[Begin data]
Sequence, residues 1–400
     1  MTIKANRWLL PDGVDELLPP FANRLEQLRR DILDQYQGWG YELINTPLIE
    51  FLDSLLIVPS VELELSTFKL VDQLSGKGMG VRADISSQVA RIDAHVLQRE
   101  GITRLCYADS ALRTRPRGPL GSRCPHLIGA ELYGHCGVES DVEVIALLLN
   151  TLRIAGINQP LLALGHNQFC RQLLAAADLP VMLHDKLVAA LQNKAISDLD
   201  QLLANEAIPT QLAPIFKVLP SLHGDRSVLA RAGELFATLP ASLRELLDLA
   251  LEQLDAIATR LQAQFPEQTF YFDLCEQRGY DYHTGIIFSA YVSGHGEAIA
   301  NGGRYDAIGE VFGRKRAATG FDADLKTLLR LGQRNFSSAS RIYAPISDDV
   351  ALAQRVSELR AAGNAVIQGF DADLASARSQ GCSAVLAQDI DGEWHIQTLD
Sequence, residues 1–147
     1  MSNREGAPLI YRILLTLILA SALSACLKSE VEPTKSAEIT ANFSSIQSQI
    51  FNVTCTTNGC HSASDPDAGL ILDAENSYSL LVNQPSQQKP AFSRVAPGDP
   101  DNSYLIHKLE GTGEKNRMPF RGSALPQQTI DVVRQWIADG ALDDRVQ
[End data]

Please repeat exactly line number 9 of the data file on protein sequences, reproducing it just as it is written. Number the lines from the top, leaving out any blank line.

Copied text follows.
   351  ALAQRVSELR AAGNAVIQGF DADLASARSQ GCSAVLAQDI DGEWHIQTLD